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Abu Dhabi, UAEFriday 14 December 2018

Slain French monks among 19 to be beatified in Algeria

This is the first ceremony of its kind in a Muslim nation

An undated file photo shows the seven French Trappist monks of the Tibhirine Notre-Dame de l'Atlas monastery of Medea. AFP
An undated file photo shows the seven French Trappist monks of the Tibhirine Notre-Dame de l'Atlas monastery of Medea. AFP

The Catholic Church will on Saturday beatify in Algeria seven French monks and 12 other clergy killed during the country's civil war, the first ceremony of its kind in a Muslim nation.

The Trappist monks were abducted from the Priory of Our Lady of Atlas in Tibhirine, about 80 kilometres southwest of Algiers, by extremists in March 1996.

Their severed heads were discovered two months later and their deaths were announced by the insurgent Armed Islamic Group of Algeria (GIA).

The tragedy inspired a 2010 French film, "Des Hommes et des Dieux", (Of Gods and Men) starring Lambert Wilson and Michael Lonsdale that won the Grand Prix at the Cannes Film Festival.

The Vatican declared in January that the monks were martyrs for their faith, along with the 12 others slain in Algeria between 1994 and 1996, including Bishop Pierre Claverie of Oran.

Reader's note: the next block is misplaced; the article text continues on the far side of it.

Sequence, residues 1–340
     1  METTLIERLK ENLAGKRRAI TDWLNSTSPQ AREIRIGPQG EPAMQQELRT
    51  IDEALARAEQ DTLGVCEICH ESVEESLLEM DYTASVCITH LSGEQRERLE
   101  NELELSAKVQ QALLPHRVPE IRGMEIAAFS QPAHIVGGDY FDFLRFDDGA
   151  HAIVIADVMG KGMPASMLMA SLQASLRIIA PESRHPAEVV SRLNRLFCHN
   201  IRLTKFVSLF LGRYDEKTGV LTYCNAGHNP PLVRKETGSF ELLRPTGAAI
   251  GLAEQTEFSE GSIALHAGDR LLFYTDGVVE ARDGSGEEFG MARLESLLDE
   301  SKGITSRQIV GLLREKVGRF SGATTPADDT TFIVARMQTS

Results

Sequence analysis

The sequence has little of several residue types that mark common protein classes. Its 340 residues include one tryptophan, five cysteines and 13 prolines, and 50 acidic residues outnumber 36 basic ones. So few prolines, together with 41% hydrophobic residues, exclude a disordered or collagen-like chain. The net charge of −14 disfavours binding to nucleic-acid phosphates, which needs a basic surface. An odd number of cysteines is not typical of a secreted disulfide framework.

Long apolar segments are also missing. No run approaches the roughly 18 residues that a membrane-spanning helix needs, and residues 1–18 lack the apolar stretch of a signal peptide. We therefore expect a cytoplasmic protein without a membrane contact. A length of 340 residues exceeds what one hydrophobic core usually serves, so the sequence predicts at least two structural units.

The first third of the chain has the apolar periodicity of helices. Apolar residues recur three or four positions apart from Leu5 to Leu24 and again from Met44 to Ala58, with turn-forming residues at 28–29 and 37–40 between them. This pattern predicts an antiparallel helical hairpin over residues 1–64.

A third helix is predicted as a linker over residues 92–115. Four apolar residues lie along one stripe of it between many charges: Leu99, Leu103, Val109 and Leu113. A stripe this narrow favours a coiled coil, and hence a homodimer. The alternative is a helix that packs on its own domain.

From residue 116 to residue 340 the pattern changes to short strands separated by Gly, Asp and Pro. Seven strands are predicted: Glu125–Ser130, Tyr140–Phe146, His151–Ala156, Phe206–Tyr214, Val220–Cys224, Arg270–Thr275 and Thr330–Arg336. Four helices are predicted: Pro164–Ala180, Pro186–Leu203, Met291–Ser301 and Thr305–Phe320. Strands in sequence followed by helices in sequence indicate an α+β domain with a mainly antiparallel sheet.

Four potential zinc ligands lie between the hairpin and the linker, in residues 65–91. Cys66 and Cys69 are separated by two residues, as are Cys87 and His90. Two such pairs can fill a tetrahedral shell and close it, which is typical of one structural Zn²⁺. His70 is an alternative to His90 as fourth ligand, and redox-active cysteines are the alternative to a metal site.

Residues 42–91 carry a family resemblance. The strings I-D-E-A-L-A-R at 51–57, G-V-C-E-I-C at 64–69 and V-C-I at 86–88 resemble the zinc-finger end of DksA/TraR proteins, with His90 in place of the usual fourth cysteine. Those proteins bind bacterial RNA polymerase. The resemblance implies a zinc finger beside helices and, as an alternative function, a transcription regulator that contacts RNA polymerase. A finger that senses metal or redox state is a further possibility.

Frenchman Claverie, who strove to improve ties between different faiths, was assassinated along with his driver in a bomb attack at his office in 1996.

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The five other religious men and six women killed, including citizens of France, Spain, Belgium and Tunisia, were gunned down in 1994 and 1995.

Beatification is the first step on the path to Roman Catholic sainthood.

It is reserved for three categories of people: martyrs, those who have lived a life of heroic values, and others with a clear saintly reputation.

Some 200,000 people lost their lives in Algeria's 1991-2002 civil war between religious extremists and security forces, dubbed the country's "Black Decade".

Archbishop of Algiers, Paul Desfarges, said the ceremony in the northwestern port city of Oran was "a way to highlight" the dedication of the 19 men and women who remained in the country during the violence.

"They did not hesitate to risk their lives because the most important thing for them was their relationship with others, rather than protecting themselves," he said.

Father Thomas Georgeon, who presented the case in Rome for the beatification, said it was the first time the Church would carry out such a ceremony in a Muslim country.

He insisted the move was not intended to "glorify the death of Christians at the hands of Muslims, but to mark their deaths alongside those of so many Algerian martyrs".

The Algerian authorities in April officially gave the Vatican approval for the beatification to take place in the North African country.

The event will be presided over by Pope Francis's envoy Angelo Becciu.

Archbishop Desfarges said he hoped the beatification would serve to reinforce the ties between the Catholic Church and the people of Algeria - just like the work of those being celebrated.

"We did not want to hold the beatification just among Christians as these brothers and sisters died alongside dozens and dozens of thousands of Algerians," he said.

"We want to continue to be the church of friendship, brotherhood and coexistence."